What’s the biggest fashion mistake people make?
Wearing clothes that are too big for them in an effort to camouflage areas of their body that they see as less than desirable.
What’s the easiest fix?
Purchase and tailor clothes to fit the body. When clothing fits properly, it automatically makes you appear smaller. The next strategy is shop according to what is most flattering to your body type, not what is trendy. Add trends with accent pieces.
What are simple things the average person can do to look stylish?
Utilize the finishing piece to complete your look. Wear jewelry. Wear scarves. Update basics regularly. Get a blazer tailored to your body.
Where do you shop?
One of my favorite places to shop is the Assistance League of Everett Thrift Store (5107 Evergreen Way). I have discovered so many amazing pieces there and the best part is that no one else has them. I love a bargain.
Some of my most amazing finds have been a Valentino skirt, a cashmere Chanel sweater, and a gorgeous Michael Kors Collection skirt. You can find one of a kind vintage pieces mixed in with designer labels and the prices are so reasonable.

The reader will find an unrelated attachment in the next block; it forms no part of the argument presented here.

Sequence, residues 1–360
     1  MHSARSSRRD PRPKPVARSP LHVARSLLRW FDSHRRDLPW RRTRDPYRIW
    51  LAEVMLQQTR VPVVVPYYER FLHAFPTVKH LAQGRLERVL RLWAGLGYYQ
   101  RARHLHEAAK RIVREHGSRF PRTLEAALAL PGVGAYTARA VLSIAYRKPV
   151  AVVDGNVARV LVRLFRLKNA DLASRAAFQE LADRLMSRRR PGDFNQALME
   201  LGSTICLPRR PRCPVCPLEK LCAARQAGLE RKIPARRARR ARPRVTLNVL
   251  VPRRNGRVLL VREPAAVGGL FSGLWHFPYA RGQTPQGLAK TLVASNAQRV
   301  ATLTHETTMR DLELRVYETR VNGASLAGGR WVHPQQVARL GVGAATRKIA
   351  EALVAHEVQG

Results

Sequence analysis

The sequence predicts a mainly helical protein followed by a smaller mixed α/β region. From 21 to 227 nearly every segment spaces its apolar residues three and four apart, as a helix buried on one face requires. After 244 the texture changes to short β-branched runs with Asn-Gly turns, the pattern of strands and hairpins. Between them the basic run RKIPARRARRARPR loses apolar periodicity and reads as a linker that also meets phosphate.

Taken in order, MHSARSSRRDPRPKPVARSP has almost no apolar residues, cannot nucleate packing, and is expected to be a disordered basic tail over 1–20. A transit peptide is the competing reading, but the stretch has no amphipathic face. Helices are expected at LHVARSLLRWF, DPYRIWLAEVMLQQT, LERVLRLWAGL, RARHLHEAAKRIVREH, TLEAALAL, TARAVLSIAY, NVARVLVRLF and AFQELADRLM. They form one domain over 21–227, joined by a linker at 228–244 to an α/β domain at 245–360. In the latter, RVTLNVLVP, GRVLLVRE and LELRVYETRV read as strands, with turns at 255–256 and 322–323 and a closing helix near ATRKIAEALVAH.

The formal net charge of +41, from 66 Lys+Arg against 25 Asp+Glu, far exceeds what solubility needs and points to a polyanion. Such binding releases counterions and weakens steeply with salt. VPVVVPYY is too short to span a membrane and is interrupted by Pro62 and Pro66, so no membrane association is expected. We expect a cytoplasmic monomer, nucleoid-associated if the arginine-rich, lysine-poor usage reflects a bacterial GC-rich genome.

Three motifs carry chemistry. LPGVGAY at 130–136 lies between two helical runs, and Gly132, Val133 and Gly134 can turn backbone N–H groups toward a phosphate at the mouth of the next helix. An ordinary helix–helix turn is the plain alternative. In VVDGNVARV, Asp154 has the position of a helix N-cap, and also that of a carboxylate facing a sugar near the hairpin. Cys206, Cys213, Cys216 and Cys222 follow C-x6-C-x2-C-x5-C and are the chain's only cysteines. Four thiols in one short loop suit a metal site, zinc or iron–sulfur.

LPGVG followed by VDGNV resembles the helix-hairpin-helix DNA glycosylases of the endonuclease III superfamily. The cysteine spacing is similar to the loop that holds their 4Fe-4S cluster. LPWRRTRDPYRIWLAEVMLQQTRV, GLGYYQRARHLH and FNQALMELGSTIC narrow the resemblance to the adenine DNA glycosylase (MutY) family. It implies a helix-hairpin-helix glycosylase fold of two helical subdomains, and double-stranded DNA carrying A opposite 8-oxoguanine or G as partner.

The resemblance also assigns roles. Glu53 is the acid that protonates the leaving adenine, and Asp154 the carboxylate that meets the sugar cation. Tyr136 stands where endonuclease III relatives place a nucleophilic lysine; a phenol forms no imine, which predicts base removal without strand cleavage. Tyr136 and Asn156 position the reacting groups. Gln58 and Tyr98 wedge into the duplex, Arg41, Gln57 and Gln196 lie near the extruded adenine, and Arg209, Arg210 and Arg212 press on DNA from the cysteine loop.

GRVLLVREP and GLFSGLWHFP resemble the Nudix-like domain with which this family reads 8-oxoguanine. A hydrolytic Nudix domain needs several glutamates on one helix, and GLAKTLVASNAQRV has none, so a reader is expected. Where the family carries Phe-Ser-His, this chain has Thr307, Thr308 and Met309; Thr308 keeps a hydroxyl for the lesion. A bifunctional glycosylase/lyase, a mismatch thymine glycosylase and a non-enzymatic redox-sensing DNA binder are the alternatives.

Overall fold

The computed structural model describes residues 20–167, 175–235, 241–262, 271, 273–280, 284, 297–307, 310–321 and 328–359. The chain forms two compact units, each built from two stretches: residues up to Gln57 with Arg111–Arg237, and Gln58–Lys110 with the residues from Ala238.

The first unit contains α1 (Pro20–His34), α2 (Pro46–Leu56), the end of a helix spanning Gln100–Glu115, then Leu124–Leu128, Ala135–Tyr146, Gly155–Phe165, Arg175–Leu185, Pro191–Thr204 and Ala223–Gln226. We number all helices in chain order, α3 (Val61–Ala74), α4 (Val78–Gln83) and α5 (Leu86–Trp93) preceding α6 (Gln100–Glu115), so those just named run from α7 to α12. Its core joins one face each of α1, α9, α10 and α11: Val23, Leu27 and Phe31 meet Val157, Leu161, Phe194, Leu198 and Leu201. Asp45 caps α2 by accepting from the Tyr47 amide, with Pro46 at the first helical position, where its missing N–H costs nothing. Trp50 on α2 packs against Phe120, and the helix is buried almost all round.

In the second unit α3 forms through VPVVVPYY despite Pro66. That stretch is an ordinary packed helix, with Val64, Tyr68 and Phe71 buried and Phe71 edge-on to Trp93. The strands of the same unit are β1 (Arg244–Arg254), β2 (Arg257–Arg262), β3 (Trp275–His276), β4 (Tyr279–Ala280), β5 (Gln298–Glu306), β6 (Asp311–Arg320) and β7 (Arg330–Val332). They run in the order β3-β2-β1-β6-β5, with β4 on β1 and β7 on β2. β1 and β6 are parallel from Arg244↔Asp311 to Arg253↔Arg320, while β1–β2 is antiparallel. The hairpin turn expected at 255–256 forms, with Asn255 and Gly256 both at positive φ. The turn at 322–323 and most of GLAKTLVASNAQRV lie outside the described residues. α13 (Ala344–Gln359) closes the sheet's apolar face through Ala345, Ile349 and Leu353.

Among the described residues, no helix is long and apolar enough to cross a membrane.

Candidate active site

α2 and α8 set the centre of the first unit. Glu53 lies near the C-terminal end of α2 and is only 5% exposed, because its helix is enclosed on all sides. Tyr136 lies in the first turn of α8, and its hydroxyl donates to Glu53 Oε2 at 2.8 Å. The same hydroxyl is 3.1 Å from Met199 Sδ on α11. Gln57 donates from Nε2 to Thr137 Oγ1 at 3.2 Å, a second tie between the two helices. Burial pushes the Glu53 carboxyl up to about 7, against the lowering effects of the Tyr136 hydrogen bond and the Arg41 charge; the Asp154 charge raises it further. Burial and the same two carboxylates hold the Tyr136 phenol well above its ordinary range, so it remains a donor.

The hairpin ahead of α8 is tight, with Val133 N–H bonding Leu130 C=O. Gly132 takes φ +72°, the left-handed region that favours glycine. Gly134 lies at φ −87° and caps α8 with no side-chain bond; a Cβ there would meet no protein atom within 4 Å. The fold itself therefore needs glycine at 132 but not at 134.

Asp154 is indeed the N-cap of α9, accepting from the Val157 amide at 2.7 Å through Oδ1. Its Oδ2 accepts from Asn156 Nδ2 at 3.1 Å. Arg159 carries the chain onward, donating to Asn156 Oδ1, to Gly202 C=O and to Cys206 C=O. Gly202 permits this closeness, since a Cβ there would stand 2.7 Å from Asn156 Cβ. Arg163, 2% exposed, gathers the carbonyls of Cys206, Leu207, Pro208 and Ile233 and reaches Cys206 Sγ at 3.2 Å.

I also love to hit Nordstrom Rack and scour the racks.
Finally, I am a huge proponent of shopping online. Some of my favorite shops: Asos.com, a British fashion and beauty store. Zara.com, because they have interesting designs and I love their shoes. Stories.com, for interesting cuts and awesome jewelry pieces.
What is the main difference between men and women when it comes to fashion?
Men typically shop and wear clothes out of necessity and women shop and wear clothes for pleasure.
What’s the best advice for women over 40?
Stop fixating on the past. You need to love yourself where you are right now on this very day. Find what is beautiful about yourself and work to accentuate it. I find that so many women are so consumed with how they used to look they can’t see the beauty that is right in front of their face.
How about for men?
Give your wardrobe an update. For many in their 40s, they bought clothes in their late 20s when they got their first real job. After that, they never bought clothes again unless their significant other forced them to. Men often wear ill-fitting clothes because they just don’t care or they don’t know. I recommend hiring someone to revamp their wardrobe. I can’t tell you how many I have helped revamp their wardrobe and suddenly their boss saw them in a new light and they got a promotion.
What is the weirdest thing you’ve seen someone wear that works?
A button-down shirt worn backwards. It really looked cool.
Is it possible to find cute flats that don’t cost $200?
Flats are like jeans. You have to try on a 100 pairs to find the right ones. My suggestion is to wear a pair of shoes that are easy to slip on and off and hit the streets.